Here are the basic facts about today’s jobs report:
* The U.S. economy lost a net 345,000 jobs in May. This bad news beat expectations, so markets reacted positively.
* The unemployment rate jumped from 8.9% to 9.4%, the highest since August 1983.
Remember that employment is typically a lagging indicator, so the employment picture will still look bad even after the economy has begun to recover.
Much of the commentary focuses on the second derivative — things are getting bad, but the badness isn’t getting worse. Since commentary and news cycles rely on new information, it is easy to lose sight of the reality that our economy continues to shrink and lose jobs.
Keep your eye on the large financial institutions and the consumer. Financial institutions will continue to delever, but is it relatively smooth and steady, with larger capital cushions to protect against shocks? Or are there still more bad surprises buried in the balance sheets of large financial institutions, waiting to shock confidence again? If the stress tests and bigger capital cushions mean we have avoided further large institutional failures, that’s great news. Unfortunately, we can never know that for certain that such risk is gone.
Remember that consumption is about 70% of GDP, and consumers need jobs to have paychecks to spend. Watch the retail-sales reports and other indicators of consumer spending. Will the optimism in our markets translate into consumers spending more, or will the continuing job losses and consumer deleveraging combine to suppress consumption growth?
Notably absent from this calculus is the stimulus. Less than 5% of the $787 B is out the door, and the bulk of the cash flow will not happen until mid-2010. The administration would like to claim credit for the so-called green shoots of good news, and they deserve some praise for the stress tests, but they cannot plausibly claim that stimulus spending is helping the economy now in any significant way. No made up calculation of jobs saved can obscure that the money is not yet flowing into the economy.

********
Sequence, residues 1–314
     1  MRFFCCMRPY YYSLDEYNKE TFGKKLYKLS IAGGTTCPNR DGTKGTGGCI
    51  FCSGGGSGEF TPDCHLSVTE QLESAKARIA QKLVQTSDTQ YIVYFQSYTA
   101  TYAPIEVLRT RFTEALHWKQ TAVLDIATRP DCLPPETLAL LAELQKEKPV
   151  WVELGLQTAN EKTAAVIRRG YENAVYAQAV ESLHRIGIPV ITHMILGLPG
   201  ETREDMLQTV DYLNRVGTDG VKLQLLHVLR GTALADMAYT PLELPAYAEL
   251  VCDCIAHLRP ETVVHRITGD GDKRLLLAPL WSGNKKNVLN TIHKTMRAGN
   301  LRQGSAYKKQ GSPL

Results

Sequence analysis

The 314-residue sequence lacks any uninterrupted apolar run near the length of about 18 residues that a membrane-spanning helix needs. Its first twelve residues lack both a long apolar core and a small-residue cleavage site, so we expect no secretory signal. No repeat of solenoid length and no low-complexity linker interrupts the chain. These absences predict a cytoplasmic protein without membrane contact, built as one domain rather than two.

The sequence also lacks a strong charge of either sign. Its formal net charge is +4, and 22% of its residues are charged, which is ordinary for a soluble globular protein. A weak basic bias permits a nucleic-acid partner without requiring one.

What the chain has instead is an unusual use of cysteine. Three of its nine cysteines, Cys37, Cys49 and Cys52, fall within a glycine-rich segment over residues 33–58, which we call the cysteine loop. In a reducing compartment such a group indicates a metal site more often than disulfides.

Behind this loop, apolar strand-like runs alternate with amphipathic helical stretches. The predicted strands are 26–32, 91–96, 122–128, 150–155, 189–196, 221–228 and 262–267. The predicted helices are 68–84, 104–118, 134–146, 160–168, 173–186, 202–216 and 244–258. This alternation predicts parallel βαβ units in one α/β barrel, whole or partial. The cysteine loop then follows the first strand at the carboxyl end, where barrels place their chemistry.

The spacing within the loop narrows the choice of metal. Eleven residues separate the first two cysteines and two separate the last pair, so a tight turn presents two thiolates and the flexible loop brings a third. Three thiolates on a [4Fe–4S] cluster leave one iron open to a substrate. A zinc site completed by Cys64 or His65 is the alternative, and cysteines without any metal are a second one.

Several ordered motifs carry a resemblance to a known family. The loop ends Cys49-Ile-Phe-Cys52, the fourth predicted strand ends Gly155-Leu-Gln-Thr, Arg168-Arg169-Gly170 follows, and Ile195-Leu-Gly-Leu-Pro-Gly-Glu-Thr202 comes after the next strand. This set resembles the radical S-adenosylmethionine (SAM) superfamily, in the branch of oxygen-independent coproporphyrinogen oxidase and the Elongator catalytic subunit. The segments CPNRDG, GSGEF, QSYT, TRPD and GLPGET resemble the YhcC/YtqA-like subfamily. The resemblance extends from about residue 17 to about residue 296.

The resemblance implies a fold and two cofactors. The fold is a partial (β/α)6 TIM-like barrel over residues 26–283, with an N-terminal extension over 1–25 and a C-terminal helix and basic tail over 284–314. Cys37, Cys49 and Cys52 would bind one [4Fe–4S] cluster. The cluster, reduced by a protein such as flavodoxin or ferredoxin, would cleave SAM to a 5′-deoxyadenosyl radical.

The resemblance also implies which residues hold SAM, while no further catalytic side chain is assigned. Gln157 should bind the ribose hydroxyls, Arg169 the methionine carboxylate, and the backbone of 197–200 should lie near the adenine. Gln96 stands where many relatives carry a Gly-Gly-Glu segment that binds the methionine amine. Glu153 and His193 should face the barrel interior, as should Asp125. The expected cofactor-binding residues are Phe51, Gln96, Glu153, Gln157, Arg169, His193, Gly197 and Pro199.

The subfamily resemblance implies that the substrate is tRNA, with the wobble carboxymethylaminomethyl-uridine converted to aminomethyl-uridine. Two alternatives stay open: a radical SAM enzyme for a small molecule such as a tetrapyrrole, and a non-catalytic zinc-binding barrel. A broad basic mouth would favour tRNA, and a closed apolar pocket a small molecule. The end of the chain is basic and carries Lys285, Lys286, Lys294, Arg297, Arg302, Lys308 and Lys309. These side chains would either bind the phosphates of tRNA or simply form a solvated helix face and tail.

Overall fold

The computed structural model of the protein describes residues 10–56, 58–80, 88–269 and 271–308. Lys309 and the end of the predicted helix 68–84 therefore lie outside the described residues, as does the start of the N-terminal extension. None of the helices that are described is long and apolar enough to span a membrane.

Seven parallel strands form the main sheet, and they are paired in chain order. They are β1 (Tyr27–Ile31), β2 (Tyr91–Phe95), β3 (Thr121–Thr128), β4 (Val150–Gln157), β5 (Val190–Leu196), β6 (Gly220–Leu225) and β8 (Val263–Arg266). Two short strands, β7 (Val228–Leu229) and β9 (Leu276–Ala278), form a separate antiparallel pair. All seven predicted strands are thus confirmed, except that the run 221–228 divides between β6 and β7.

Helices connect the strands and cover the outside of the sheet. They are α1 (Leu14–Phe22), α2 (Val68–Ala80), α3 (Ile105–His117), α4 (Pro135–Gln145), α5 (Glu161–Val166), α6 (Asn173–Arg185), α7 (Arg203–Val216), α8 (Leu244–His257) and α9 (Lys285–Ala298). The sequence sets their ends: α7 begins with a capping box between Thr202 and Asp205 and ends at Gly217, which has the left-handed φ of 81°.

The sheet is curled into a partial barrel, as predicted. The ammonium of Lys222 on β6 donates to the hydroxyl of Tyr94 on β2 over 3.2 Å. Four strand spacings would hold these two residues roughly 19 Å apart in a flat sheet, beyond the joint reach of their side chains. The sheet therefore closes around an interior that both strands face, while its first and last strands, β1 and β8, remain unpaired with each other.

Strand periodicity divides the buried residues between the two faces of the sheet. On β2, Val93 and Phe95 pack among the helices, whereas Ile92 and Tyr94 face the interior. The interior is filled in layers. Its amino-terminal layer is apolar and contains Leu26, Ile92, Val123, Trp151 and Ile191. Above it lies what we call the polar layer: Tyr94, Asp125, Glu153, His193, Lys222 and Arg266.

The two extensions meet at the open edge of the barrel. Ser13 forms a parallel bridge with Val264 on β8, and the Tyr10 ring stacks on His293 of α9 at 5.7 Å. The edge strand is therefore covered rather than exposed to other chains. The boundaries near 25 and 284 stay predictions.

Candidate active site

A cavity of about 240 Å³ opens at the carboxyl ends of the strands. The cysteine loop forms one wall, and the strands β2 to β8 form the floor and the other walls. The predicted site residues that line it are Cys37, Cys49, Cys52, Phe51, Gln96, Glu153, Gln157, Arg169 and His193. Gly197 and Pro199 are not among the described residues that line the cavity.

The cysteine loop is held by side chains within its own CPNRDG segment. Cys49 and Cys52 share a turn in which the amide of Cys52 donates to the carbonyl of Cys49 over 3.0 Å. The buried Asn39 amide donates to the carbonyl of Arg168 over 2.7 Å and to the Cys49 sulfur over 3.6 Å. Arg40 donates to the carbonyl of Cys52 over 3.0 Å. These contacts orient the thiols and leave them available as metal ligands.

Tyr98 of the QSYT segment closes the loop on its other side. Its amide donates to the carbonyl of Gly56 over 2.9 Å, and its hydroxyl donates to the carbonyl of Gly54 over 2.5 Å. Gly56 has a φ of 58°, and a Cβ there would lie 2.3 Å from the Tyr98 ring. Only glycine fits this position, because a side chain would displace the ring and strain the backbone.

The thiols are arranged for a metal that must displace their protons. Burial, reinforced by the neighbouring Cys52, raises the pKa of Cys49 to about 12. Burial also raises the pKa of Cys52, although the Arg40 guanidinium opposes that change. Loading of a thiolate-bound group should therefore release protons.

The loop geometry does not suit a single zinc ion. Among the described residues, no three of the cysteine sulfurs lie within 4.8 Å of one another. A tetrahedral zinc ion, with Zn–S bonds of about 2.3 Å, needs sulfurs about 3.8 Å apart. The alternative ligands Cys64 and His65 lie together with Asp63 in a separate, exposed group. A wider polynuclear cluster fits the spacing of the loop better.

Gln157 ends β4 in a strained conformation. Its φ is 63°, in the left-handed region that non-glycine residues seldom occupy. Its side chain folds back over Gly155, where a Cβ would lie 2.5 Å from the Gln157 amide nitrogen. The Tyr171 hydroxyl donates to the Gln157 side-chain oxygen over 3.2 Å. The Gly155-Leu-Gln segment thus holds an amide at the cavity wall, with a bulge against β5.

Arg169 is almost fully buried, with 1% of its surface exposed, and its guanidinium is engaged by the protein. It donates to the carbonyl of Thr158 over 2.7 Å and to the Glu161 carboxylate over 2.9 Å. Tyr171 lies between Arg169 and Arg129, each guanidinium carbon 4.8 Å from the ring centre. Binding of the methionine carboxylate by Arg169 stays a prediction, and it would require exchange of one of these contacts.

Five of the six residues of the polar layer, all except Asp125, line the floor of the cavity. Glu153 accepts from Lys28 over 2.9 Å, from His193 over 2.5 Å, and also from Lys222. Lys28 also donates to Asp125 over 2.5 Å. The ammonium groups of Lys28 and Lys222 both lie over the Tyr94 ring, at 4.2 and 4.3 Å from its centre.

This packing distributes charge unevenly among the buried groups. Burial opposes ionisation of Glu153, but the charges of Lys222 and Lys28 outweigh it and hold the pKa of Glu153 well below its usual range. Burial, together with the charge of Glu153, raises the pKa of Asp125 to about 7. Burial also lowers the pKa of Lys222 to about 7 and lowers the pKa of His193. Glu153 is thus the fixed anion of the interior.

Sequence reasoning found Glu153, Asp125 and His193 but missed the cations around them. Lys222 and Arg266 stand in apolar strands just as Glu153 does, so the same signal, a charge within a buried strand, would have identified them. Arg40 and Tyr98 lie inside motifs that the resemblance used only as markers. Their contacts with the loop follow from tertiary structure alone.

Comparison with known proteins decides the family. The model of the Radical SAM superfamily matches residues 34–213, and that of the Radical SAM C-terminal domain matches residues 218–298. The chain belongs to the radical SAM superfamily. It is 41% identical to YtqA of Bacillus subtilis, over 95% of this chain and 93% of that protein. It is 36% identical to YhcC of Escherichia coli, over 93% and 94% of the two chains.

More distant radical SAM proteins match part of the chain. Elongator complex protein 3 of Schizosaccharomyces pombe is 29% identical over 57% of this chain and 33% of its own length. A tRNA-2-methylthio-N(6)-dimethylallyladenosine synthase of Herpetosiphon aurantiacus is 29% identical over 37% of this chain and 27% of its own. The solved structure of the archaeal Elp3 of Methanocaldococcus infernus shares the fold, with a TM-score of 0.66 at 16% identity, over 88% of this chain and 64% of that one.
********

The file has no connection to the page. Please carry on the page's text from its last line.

I was surprised that no administration officials were on the business news channels this morning. That is highly unusual for Jobs Day. Maybe they are afraid of the following sequence of questions:
- Is the economy recovering? (They would like to answer this one, “Tentatively yes. We’re seeing positive signs, but there’s a long way to go.”)
- If so, is the economy recovering because of the stimulus? How can you claim that it is if only $40-ish billion has gone out the door so far?
- Or are the green shoots growing just because it’s springtime? Is the less worse economic news primarily a result of financial institutions raising capital and the passage of time?
In addition to being inefficient and wasteful, the stimulus was poorly timed. By deferring to congressional desires to shovel taxpayer funds to slow-spending infrastructure projects, the administration got a stimulus law that isn’t helping GDP growth now, and won’t have a quantitatively significant effect until 2010. The administration is in a tough spot — if the economy is not healing, then at some point the president will take the blame. If instead the economy is healing before the stimulus takes effect, then maybe the stimulus was unnecessary or even counterproductive.